Hartford Sues Arch For Allegedly Poaching Execs
By Mark E. Ruquet
National Underwriter News
July 2, 2009
The Hartford Financial Services Group is suing Arch Insurance Group for allegedly poaching its financial products division of executives and stealing trade secrets.
The suit, filed on July 2 in New York State Supreme Court in Manhattan, accuses Arch and several former Hartford executives of "egregious, ongoing misconduct," charging that Arch raided the Hartford Financial Products division of at least 60 employees.
The Hartford accuses its former company executives, now with Arch, of contacting employees in their division and urging them to leave the company because the division is "a sinking ship."
The Hartford alleges that David McElroy, formerly a senior vice president of The Hartford and president of its Hartford Financial Products (HFP) division, "retired" on June 5 with a substantial compensation package, only to begin work days later at Arch setting up a division similar to HFP.
The division handles underwriting of such products as errors and omissions, directors and officers, employment practices and other liability coverage.
Soon after Mr. McElroy began with Arch, employees of HFP began receiving "threatening and bullying" e-mails, phone calls and text messages urging them to leave the company, the suit alleges.
Beginning June 8, HFP employees were told they better ‘"jump ship fast,' that ‘there isn't to be an HFP anymore,' and that employees ‘better come to Arch' or they ‘will never work in this industry again,"' according to the suit.
Arch is also accused of "endeavoring to destroy HFP's business and its ability to compete" by soliciting all of the division's employees, including trainees.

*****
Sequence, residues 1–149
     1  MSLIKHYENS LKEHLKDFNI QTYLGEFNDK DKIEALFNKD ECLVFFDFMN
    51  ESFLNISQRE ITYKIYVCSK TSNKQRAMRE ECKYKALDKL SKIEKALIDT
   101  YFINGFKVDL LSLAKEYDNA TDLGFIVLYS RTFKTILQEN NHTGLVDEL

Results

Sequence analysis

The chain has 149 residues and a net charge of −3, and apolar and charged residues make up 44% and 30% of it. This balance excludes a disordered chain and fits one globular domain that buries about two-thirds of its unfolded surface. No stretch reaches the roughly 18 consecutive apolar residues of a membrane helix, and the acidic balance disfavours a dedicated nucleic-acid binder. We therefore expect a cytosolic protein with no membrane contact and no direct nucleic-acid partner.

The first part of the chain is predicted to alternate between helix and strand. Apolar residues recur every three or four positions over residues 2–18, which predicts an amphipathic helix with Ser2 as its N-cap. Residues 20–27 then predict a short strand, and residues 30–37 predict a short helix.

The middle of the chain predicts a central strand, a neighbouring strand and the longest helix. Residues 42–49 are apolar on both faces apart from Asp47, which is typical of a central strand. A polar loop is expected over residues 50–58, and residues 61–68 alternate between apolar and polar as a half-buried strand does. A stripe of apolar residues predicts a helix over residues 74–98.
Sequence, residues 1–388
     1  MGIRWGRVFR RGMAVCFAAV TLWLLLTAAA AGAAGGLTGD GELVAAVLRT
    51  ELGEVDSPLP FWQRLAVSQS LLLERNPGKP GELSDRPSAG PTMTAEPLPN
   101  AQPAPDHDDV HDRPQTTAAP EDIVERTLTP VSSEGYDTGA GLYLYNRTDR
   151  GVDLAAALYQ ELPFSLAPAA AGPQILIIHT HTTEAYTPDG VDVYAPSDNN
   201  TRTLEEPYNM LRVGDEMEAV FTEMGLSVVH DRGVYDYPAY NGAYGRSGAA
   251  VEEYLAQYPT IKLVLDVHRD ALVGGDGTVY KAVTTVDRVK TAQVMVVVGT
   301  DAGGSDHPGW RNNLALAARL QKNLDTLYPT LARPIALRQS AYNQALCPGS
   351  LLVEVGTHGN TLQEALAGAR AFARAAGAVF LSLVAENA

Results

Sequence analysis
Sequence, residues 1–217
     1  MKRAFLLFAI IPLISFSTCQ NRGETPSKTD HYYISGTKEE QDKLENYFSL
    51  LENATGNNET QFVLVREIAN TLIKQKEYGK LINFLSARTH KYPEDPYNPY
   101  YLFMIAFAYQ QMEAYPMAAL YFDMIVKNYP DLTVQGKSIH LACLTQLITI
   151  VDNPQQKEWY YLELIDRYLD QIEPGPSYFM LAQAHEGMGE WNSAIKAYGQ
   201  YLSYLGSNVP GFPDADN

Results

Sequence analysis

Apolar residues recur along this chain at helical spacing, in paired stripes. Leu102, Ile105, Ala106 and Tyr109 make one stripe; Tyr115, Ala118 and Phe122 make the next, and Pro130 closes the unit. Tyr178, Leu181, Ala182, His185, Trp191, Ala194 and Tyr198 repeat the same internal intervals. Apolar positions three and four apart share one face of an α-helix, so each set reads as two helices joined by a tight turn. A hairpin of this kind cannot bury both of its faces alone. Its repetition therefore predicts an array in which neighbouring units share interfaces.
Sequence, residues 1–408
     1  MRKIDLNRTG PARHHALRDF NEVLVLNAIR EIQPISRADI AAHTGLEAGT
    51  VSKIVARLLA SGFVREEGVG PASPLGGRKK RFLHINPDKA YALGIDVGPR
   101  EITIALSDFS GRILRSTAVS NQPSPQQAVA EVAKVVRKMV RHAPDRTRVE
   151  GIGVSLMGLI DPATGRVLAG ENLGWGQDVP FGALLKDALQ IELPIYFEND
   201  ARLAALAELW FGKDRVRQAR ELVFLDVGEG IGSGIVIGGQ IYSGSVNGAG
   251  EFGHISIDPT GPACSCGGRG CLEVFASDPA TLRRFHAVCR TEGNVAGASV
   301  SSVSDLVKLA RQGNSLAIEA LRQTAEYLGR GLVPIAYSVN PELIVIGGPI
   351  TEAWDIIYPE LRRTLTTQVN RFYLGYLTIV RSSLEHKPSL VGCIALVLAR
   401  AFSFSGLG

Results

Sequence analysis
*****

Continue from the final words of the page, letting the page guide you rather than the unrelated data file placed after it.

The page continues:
The Hartford goes on to say in its suit that the solicitation extended to its technology employees in an effort to "interfere with HFP's daily technology operations, and potentially to steal technological information from HFP."
The Hartford said the actions also interfered with negotiations in securing its reinsurance program for the division as HFP executives left in the middle of negotiations.
Arch's actions, The Hartford said, "makes a mockery of Arch's code of conduct, which purportedly sets a high ethical bar…that would withstand public disclosure and scrutiny. In this case, it plainly does not."
This is not the first time Arch has engaged in raiding a company of talent and proprietary information, The Hartford contends--citing a 2007 Connecticut court decision which found Arch guilty of raiding the reinsurance division of General Reinsurance Corp., with the court finding the company had engaged in a plot to move a substantial part of GenRe's business to Arch.
The Hartford said in its suit that it has contained the damage Arch sought to inflict on the company, "but such egregious behavior cannot go unchecked." The lawsuit seeks to stop Arch's action and recover damages.
Dave Snowden, a representative for the Hartford, told National Underwriter that "we have a deep bench of talent and dedicated employees within HFP, and we have capable and experienced senior leaders to manage the division going forward."
He added that "HFP actively continues to write new business and service its existing business. We filed this lawsuit because we will not tolerate illegal or unethical behavior."
Arch officials could not be reached for comment as this story broke.
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